Dorothy & Lillian Gish, D.W. Griffith (President Harding - Orphans of The Storm)
Dorothy & Lillian Gish, D.W. Griffith (President Harding – Orphans of The Storm)

I saw her after she and Dorothy and Mr. Griffith had lunched at the White House with the Hardings. She marvelled a bit that the President and his wife were so much like other human beings—just plain, simple folk like ourselves. It was apparent, too, a long time ago, when I went with her and her mother to see Broken Blossoms. The audience contained several representatives of the higher social order of Manhattan. We went to an ice cream emporuim afterwards and over our sundaes Lillian thrilled at the fact that the once-lowly movies could now attract the creme de la creme of the aristocracy. And yet she cannot help being the friendliest and most democratic of souls. Sympathy is within her and she has made up helpless little extras and taken under her wing pretty aspirants for screen honors. She is one of the few stars of importance who will go out of her way a little to help someone, without thought of return.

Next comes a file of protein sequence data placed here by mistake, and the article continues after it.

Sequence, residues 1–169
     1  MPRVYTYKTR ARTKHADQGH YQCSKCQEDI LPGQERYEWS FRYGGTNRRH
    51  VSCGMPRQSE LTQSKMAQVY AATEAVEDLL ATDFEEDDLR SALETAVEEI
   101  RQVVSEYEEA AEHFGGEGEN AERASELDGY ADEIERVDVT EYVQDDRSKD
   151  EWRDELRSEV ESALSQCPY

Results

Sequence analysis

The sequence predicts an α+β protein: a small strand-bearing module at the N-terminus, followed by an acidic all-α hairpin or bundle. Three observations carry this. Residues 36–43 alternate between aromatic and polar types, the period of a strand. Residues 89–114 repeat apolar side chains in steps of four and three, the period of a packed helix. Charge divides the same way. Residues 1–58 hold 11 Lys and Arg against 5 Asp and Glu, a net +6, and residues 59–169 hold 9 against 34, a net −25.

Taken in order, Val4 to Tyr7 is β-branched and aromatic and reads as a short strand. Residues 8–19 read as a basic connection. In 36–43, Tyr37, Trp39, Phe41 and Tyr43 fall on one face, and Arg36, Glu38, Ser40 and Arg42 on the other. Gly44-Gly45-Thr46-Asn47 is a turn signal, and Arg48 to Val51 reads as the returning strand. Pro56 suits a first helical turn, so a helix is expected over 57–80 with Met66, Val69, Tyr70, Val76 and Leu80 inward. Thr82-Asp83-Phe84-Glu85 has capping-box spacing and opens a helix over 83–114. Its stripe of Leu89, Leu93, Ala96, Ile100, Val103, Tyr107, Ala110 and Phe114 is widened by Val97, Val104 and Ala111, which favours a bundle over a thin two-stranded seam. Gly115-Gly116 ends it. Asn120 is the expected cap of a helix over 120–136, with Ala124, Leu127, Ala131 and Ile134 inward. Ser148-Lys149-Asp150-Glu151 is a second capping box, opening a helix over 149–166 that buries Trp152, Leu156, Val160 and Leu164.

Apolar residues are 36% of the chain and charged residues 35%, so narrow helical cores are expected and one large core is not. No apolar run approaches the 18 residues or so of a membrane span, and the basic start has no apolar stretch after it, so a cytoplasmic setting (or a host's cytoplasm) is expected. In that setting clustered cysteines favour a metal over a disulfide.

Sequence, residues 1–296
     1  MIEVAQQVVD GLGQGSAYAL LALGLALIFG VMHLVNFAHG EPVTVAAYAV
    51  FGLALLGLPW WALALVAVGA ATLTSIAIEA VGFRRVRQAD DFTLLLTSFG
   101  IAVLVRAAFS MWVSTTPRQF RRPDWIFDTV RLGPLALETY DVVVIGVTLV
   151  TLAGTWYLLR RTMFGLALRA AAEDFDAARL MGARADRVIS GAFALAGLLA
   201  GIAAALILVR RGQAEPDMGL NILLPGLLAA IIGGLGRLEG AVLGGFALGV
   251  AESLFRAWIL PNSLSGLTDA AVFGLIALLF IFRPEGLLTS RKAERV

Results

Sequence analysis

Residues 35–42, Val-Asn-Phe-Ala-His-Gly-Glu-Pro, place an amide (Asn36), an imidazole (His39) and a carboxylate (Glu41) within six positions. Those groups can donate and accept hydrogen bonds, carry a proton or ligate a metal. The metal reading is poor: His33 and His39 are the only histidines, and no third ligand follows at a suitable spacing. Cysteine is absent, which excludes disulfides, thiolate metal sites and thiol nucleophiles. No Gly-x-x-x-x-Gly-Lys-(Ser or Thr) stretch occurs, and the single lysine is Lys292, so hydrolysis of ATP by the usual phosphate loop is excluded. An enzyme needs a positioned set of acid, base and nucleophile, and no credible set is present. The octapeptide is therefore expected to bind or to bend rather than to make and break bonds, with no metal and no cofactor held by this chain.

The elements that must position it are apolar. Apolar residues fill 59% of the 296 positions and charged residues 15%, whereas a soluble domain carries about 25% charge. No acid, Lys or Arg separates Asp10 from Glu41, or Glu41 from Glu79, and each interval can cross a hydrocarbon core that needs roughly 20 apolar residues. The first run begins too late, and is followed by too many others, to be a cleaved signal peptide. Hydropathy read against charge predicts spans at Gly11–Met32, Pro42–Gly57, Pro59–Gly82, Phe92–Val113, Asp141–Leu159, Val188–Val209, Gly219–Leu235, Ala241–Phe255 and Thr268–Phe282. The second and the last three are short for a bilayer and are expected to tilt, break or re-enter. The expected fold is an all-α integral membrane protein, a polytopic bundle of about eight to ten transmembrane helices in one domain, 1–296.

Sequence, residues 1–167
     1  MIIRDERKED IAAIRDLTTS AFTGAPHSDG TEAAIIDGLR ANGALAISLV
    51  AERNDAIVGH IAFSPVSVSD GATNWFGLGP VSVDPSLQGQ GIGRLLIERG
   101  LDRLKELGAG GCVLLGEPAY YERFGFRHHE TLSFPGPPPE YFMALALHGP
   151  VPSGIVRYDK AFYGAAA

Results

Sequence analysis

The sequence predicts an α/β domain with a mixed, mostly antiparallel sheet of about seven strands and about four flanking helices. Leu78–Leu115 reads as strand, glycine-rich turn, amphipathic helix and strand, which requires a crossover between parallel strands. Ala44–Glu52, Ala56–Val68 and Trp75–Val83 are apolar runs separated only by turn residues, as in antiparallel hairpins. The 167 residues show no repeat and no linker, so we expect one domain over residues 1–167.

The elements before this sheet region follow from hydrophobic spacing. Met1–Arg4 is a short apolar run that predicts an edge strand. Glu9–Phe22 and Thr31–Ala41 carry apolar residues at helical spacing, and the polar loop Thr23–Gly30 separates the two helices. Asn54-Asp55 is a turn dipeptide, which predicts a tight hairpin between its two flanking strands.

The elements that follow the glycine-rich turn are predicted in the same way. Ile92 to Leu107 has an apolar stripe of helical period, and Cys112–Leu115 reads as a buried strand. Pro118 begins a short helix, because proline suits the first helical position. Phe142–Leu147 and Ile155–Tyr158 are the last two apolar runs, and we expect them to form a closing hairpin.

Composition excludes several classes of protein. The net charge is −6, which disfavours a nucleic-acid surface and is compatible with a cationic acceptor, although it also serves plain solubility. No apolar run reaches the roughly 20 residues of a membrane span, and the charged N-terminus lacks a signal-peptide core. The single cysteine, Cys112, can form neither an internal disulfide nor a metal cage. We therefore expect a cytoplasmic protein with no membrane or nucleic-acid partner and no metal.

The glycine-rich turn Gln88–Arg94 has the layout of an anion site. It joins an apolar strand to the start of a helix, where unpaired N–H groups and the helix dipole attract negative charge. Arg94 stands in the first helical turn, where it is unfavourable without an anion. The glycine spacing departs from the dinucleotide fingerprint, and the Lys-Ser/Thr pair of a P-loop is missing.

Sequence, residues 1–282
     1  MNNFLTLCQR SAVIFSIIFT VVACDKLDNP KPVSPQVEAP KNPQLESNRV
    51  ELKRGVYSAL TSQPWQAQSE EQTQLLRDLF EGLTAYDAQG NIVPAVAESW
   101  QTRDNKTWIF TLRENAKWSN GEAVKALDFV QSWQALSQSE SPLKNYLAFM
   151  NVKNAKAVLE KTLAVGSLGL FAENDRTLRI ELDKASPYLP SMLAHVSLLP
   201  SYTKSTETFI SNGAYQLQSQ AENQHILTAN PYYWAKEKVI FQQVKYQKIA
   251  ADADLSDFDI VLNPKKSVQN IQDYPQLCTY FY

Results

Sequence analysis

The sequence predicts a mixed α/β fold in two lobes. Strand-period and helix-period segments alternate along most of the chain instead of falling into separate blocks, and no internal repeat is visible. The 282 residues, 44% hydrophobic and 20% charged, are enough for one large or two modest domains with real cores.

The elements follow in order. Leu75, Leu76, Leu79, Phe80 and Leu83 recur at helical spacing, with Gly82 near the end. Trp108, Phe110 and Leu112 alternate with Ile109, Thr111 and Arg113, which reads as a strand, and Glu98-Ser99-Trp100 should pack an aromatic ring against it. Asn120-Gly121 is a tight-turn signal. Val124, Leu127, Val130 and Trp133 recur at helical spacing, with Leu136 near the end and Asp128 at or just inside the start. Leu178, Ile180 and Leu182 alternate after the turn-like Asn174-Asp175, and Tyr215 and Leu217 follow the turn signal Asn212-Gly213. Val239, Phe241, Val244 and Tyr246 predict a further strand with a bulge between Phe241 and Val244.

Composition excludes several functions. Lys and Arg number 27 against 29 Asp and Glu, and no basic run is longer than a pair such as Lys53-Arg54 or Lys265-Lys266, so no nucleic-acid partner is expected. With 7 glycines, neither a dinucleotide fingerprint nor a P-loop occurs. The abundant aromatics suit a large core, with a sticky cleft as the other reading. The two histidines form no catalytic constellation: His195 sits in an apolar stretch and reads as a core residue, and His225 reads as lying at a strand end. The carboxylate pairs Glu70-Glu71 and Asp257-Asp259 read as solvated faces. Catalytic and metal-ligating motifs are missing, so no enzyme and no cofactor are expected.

Lillian Gish - Hoover Art Studios LA
Lillian Gish – Hoover Art Studios, Los Angeles

Really Old-Fashioned